Pulitzer Prize-winner John Toland, who attended the Yale School of Drama from 1936 to 1937, died Jan. 4 of pneumonia in Danbury Hospital in Danbury, Conn. He was 91.

A La Crosse, Wis. native, Toland received his undergraduate degree from Williams College before attending the Drama School. He won the Pulitzer Prize in 1971 for his nonfiction work “The Rising Sun,” which chronicles the rise and fall of the Japanese empire during World War II.

His daughter, Diana Netzer, said her father’s dramatic training allowed him to adopt a unique philosophy of history in which he would “look at the characters and what they do and write as honestly [as possible] without passing judgment.”

Tamiko Toland, Netzer’s half-sister, agreed that her father’s data collection methods, and works derived from the data, were groundbreaking and unconventional.

“I think the books he wrote stand for themselves in terms of a legacy,” Tamiko Toland said. “In addition, he collected a lot of first-hand interviews with people who are now dead, important historical figures in particular. I think that will continue to have benefits for future historians.”

Netzer said that though John Toland published several critically acclaimed works of historical nonfiction, the fantasy world of drama and the stage was always his first love. Tamiko Toland said she thought her father’s dramatic background colored his writing style and even his personality.

“I think he always saw himself as a playwright,” Tamiko Toland said. “Knowing him as a daughter, he had a very theatrical, though not over-dramatic, way, and he saw life as theater. The playwright never got squeezed out of him.”

In addition to his use of unorthodox methods to tell his stories, John Toland also approached the creative process in an uncommon manner. Danny Parker, a writer who corresponded with Toland before his death and used Toland’s transcriptions as research for a book he is working on, said Toland balanced his personal and professional schedule adeptly.

“He’d have coffee and write all morning nonstop. Then he would stop at noon, then have lunch and break, and the afternoon would be spent piddling and organizing notes and getting materials ready for the next day. During the evening, he would relax. He created a civil, reasonable home life for himself by doing this,” Parker said. “It’s easy to become obsessed with what you’re working on. He was able to develop a balance within that.”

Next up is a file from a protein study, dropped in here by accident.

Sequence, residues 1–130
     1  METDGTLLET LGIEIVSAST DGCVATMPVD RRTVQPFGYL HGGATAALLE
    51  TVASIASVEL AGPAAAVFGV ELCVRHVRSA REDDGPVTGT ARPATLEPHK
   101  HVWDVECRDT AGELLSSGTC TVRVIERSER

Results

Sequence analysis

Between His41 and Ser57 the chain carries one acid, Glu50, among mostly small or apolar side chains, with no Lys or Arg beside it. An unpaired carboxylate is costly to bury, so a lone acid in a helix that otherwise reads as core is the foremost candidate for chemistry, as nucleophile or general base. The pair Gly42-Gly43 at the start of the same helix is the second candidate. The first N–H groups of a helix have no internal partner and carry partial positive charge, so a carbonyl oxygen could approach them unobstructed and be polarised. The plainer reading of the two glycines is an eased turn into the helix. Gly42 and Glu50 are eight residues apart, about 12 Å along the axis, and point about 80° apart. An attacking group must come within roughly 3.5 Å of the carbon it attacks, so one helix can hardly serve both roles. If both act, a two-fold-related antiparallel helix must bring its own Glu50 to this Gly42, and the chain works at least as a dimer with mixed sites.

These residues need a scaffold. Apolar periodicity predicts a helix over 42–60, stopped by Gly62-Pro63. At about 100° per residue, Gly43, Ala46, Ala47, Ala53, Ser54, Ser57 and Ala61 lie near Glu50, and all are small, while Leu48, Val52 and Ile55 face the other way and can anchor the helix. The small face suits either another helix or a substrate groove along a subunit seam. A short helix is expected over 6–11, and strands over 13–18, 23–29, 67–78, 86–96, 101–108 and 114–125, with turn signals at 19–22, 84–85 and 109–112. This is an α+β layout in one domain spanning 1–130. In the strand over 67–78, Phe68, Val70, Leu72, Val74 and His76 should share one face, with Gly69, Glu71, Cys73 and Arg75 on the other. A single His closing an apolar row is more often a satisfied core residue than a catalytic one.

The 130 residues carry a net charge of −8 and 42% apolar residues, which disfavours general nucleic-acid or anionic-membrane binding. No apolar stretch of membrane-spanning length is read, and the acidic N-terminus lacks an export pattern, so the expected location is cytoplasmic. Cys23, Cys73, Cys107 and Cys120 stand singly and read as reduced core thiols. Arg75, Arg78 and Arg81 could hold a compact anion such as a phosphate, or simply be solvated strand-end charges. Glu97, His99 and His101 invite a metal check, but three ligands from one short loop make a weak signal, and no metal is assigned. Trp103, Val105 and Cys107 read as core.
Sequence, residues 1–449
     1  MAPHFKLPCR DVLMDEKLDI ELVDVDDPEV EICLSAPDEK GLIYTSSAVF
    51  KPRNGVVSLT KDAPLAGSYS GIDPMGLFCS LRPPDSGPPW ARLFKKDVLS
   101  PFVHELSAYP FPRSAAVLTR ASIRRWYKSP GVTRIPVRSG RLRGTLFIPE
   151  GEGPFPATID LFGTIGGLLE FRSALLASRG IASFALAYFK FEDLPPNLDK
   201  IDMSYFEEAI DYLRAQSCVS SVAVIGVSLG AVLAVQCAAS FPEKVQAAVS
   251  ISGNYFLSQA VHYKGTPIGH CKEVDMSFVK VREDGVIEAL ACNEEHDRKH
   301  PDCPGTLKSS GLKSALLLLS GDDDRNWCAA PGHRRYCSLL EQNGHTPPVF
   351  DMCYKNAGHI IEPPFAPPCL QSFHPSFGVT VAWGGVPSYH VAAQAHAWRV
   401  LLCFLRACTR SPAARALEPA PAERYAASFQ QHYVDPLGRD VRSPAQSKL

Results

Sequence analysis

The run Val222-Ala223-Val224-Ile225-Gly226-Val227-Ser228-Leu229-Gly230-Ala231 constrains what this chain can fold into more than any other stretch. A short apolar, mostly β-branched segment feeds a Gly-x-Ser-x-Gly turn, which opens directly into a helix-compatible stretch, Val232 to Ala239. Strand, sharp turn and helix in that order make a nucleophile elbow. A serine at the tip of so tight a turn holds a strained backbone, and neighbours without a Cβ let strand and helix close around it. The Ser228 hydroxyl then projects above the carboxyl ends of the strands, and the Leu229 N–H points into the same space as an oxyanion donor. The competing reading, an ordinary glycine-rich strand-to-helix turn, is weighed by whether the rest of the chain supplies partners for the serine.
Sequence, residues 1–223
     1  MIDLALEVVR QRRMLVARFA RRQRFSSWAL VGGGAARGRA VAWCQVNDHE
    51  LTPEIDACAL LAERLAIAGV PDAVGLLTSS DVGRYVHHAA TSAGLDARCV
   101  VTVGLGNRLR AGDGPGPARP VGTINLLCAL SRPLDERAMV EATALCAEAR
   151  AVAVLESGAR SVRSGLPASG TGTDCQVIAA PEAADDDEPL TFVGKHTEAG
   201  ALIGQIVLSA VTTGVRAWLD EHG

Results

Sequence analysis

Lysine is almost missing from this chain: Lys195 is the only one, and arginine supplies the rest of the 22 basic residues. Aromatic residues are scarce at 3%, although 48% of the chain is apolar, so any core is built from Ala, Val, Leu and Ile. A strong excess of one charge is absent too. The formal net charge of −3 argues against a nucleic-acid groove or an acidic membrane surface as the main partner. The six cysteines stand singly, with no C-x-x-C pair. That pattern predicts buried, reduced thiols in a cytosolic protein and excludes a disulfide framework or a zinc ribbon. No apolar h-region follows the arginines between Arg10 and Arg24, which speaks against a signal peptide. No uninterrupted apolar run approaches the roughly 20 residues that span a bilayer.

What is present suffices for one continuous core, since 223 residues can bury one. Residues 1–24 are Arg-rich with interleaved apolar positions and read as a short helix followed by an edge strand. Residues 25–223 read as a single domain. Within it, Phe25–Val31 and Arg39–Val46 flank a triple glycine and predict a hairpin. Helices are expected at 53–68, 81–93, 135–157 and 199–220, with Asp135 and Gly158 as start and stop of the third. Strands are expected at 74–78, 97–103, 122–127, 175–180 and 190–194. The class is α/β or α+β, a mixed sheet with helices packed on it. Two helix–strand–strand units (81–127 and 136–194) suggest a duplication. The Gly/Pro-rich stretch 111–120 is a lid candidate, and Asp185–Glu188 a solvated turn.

This balance, Parker said, is only one example of the way Toland, whom he referred to as “a regal human being,” impressed others with his kindness and caring in addition to his skill as a writer.

Parker discussed Toland’s meticulousness in his research — he would send transcribed copies of interviews to his subjects for them to review before he published anything.

Tamiko Toland said this technique was key to her father’s ability to gain the trust of his interviewees. Parker agreed that such a habit set John Toland apart from his peers and made him not just a successful writer but an admired person.

“He was a good man and very interested in the human relationships involved in human life,” Parker said. “He put a human face on everything he was writing. In each case if you look at what he wrote, it’s human beings caught in tumultuous events. To me, he was an inspiring person and he also was a person of great integrity.”

John Toland’s extensive interview notes are on file at the Library of Congress. Tamiko Toland said some of his interview notes contain the only transcribed first-hand accounts of historical events.

Even though Toland was never formally trained as a historian, his unassuming, narrative-heavy style made his historical nonfiction interesting and engaging to read.

“He wrote stories that captured people’s imaginations and made them think they were living in that time,” Parker said. “What bigger credit is there to a writer than that?”